Synecdoches: i The Mouse


And what rough beast, its hour come round at last,
Slouches towards Bethlehem to be born?
                                                  William Butler Yeats

The moment the beast drops off, a fourfold breath
—in, pause, out, pause—composes the fleeting I
before he awakes and tweets again to you;
stuck in himself, he misses how the air parts
to allow a mouse to flash into the whole,
wafting a change in climate, a whiff of love

he does not consciously catch—a not nosed love,
the unidentified oxygen in breaths
that, like the missed odor of mouse, makes the whole
the unscented fact of life in which the I
puffs, dissipates—an imperceptible part;
he doesn’t smell his self drifting into you.

He doesn’t sense drafty facts, the cool of you,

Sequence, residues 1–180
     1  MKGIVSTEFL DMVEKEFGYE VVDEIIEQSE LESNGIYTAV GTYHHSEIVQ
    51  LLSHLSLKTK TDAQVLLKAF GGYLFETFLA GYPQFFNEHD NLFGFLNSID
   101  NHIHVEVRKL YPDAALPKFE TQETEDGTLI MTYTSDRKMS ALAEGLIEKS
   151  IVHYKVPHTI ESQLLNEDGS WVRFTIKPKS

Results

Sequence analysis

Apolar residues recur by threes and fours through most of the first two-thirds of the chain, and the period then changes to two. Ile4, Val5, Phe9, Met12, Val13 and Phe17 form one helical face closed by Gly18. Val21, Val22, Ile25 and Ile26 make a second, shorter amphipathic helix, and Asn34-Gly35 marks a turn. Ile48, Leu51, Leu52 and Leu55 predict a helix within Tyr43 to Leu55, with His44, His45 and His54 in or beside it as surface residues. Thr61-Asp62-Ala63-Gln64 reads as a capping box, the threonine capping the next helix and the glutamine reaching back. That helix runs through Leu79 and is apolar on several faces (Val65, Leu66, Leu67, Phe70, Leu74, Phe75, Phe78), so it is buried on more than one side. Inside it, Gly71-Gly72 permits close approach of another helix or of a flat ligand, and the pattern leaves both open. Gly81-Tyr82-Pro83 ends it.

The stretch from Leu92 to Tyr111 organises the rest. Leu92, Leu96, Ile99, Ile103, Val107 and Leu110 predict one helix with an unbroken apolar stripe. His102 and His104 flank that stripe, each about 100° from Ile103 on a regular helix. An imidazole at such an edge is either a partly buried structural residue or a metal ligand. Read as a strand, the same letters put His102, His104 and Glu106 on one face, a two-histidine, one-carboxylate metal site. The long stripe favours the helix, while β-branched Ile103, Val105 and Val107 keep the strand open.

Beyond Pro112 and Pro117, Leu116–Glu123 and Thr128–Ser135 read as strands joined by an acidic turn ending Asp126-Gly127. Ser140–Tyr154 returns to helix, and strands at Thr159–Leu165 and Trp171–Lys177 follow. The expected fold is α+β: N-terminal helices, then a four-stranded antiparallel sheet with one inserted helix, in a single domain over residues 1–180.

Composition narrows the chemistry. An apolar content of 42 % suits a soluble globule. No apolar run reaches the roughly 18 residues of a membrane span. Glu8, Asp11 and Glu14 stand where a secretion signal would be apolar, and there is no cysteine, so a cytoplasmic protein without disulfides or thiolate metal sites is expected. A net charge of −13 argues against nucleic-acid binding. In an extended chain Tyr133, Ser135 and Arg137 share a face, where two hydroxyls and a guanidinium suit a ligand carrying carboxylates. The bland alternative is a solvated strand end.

with the scampering mouse, catching him in love;
the pungency of the concrete plays no part
in his dream of a rhythm beyond breathing,
anguish, the rot of heaven, lust, and his I
spreading its unconscious stink over the whole.

He loudly trumpets himself as the great whole,
the huge erection towering over you,
the monumental singularity—“I,”
towards whom, he cries, the world is slouching in “love”—
in fact, a holding of the collective breath
while the mouse runs up his trouser leg to part

his actual loud gasp from the gaseous part
he plays, the fart pretending to be the whole
climate, the belch pretending to be the breath
of life, while he is trying to smother you,
your laughter, the factuality of love,
the mouse that, squeaking through, creaks open the I,

swinging between presence and absence, the I,
appearing, disappearing, singing its part,
following the mouse that calls space into love
and choreographs the momentary whole,
lost and found in the wondrous embrace of you
enfolding the sleeping beast in your breathing.

In the dozing beast, the fourfold fact—I, whole
composition of constituting parts, you—
the mouse, we and all tweeting after, loves, breathes.

                                                                          Roy Herndon Smith